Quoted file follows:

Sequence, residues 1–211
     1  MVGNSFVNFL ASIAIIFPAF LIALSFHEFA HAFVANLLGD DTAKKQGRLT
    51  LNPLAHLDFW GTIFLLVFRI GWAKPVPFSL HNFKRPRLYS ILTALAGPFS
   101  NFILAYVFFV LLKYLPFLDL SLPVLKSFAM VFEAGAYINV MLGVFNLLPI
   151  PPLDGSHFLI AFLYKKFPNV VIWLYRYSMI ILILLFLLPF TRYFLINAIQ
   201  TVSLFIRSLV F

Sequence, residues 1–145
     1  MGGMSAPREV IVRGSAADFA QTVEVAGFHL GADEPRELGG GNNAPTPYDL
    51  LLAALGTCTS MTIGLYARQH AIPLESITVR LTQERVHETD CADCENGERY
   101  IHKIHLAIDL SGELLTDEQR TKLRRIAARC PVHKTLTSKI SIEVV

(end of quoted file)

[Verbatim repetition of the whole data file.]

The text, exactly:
Sequence, residues 1–211
     1  MVGNSFVNFL ASIAIIFPAF LIALSFHEFA HAFVANLLGD DTAKKQGRLT
    51  LNPLAHLDFW GTIFLLVFRI GWAKPVPFSL HNFKRPRLYS ILTALAGPFS
   101  NFILAYVFFV LLKYLPFLDL SLPVLKSFAM VFEAGAYINV MLGVFNLLPI
   151  PPLDGSHFLI AFLYKKFPNV VIWLYRYSMI ILILLFLLPF TRYFLINAIQ
   201  TVSLFIRSLV F

Sequence, residues 1–145
     1  MGGMSAPREV IVRGSAADFA QTVEVAGFHL GADEPRELGG GNNAPTPYDL
    51  LLAALGTCTS MTIGLYARQH AIPLESITVR LTQERVHETD CADCENGERY
   101  IHKIHLAIDL SGELLTDEQR TKLRRIAARC PVHKTLTSKI SIEVV